BAM Key Details: 

  • The Fannie Mae Home Purchase Sentiment Index® saw a slight increase in July as consumer sentiment on job security and household income improved or remained high. But 82% of respondents believe it’s a bad time to buy a home—up from 78% in June.
  • The full HPSI is up 4.0 points year over year. 

The Fannie Mae Home Purchase Sentiment Index (HPSI) for July is, as one might expect, a mixed bag. Consumer sentiment on job loss concerns improved. Optimism regarding household income held steady. And the net share of respondents who expect mortgage rates to go down in the next 12 months increased from June by three percentage points. 

On the flipside, 82% of consumers now believe it’s a bad time to buy a home—up from 78% in June—meaning fewer than one in five Americans see the market as favorable to homebuyers

Also, the number of respondents expecting home prices to increase over the next 12 months climbed six percentage points month over month. Good news for homeowners; for homebuyers, not so much. 

The full HPSI rose 4.0 percentage points year over year. 


Source: Fannie Mae

While consumers are reporting confidence in the components related to their personal financial situations, it’s unlikely we’ll see housing sentiment catch up to other broader economic confidence measures until there is meaningful improvement to home purchase affordability. In July, a significant majority of consumers indicated that their jobs are stable and that their incomes are the same or better than they were twelve months ago. However, homebuying sentiment once again matched its all-time low, with only 18% telling us that it’s a good time to buy a home. Unsurprisingly, consumers continue to attribute the challenging conditions to high home prices and unfavorable mortgage rates. Further, the share of consumers expecting home prices to continue to rise has also been on a steady climb since March, which may only add to perceptions of unaffordability. Additionally, we have not seen much movement in the ‘good time to sell’ component over the last few months, an indication that the current low levels of existing homes for sale will likely continue to persist in the near term, as also reflected in our latest forecast.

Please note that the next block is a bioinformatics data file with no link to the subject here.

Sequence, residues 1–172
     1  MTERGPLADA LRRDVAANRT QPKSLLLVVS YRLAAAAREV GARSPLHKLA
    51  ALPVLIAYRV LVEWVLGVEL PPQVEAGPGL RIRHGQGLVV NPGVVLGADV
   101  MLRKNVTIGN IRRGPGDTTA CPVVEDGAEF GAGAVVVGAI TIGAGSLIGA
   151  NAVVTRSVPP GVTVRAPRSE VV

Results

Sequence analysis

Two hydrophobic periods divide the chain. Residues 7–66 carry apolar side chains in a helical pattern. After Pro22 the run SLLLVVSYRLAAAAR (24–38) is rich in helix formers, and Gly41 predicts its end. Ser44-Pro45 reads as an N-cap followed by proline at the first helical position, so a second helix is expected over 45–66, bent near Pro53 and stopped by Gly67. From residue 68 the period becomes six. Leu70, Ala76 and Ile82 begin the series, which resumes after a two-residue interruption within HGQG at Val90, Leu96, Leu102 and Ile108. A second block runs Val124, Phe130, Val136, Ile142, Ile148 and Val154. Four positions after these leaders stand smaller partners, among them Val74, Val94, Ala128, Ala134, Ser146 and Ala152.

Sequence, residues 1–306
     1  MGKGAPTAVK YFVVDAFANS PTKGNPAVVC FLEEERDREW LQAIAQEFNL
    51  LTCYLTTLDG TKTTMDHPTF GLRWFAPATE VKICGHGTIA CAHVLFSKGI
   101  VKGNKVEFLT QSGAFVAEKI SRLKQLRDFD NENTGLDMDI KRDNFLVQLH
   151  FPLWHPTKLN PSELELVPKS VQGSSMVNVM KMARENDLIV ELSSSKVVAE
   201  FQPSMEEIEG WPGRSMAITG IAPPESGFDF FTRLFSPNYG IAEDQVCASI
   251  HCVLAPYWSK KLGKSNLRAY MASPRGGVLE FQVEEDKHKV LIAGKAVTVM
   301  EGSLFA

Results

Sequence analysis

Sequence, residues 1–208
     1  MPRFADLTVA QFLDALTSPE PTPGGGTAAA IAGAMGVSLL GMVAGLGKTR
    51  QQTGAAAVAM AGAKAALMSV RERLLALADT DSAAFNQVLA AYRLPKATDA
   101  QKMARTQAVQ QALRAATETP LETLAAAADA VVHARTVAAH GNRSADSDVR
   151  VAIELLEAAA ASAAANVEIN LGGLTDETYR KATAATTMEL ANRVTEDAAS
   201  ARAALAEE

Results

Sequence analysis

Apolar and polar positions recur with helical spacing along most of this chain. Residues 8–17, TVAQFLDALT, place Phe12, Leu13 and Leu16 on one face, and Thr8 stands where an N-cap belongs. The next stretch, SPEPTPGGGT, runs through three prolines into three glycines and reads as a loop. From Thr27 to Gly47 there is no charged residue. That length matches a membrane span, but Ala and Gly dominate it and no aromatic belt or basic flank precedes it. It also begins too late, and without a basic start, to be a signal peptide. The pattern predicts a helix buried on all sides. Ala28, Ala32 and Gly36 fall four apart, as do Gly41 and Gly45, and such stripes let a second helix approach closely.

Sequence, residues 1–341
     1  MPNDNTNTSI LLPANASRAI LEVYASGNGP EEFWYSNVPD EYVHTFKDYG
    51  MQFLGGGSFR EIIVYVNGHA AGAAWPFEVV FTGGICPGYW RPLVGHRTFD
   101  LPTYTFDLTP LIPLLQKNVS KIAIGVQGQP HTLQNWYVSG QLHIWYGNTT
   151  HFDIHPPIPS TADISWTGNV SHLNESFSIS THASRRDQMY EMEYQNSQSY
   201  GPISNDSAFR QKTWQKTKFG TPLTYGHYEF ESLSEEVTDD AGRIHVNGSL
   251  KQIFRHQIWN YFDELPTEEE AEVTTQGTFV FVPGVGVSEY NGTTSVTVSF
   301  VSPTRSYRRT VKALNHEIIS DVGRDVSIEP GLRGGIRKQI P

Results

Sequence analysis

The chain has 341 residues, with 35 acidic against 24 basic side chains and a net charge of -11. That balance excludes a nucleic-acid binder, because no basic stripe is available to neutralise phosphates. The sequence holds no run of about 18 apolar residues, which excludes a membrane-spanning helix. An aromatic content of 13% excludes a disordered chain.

Doug Duncan

Fannie Mae Senior Vice President and Chief Economist

Three Components of the HPSI Improved

The small uptick in the HPSI this month came from net increases in three components—Home Price Outlook, Job Loss Concern, and Mortgage Rate Outlook—offset by a net decrease in one component: Buying Conditions. 

Results for Household Income and Selling Conditions are unchanged from the previous month.


Source: Fannie Mae

“A tale of two markets” 

In an article for Fortune, Fannie Mae CEO Priscilla Almodovar describes the situation as a “tale of two markets.” On one hand, we have a housing market that favors homeowners as rising home prices drive up homeowner equity. 

But those same rising home prices, combined with mortgage rates that have more than doubled over the past 18 months, are putting the squeeze on Americans shopping for homes. 

Younger buyers and the historically underserved are feeling it the most as many remain stuck in renting purgatory. Boomers, meanwhile, with the wealth they’ve accumulated over the years, are more likely to be able to pay in cash, giving them an edge over buyers in need of financing. 

Hence the reason more buyers now believe it’s a “bad time to buy,” taking that component of the index near its historic lows and showing a marked decline in optimism from 2019. 

Read the full Fannie Mae HPSI data report for more details. 

Takeaways for real estate agents

Staying on top of the Fannie Mae HPSI can give you an idea of what buyers across the U.S. think of the housing market and, specifically, how favorable it is (or isn’t) to them. The same goes for sellers. And if you have a sense of the top concerns of potential clients, you know what data you need to collect and share to address any misconceptions they might have. 

Use the HPSI to help you prepare for the conversations you need to have every day.